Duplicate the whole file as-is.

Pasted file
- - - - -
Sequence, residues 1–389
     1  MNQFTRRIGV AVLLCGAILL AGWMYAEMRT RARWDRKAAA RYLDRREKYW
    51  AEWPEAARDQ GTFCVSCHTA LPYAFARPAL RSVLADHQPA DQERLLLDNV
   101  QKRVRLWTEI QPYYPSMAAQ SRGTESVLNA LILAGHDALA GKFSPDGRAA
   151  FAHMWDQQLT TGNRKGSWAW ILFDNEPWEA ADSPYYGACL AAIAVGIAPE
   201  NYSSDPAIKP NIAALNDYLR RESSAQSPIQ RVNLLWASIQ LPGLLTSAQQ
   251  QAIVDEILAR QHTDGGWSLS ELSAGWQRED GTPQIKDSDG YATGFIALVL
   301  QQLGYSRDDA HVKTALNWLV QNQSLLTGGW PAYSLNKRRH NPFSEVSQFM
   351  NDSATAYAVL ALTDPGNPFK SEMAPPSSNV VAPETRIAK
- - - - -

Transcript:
Sequence, residues 1–389
     1  MNQFTRRIGV AVLLCGAILL AGWMYAEMRT RARWDRKAAA RYLDRREKYW
    51  AEWPEAARDQ GTFCVSCHTA LPYAFARPAL RSVLADHQPA DQERLLLDNV
   101  QKRVRLWTEI QPYYPSMAAQ SRGTESVLNA LILAGHDALA GKFSPDGRAA
   151  FAHMWDQQLT TGNRKGSWAW ILFDNEPWEA ADSPYYGACL AAIAVGIAPE
   201  NYSSDPAIKP NIAALNDYLR RESSAQSPIQ RVNLLWASIQ LPGLLTSAQQ
   251  QAIVDEILAR QHTDGGWSLS ELSAGWQRED GTPQIKDSDG YATGFIALVL
   301  QQLGYSRDDA HVKTALNWLV QNQSLLTGGW PAYSLNKRRH NPFSEVSQFM
   351  NDSATAYAVL ALTDPGNPFK SEMAPPSSNV VAPETRIAK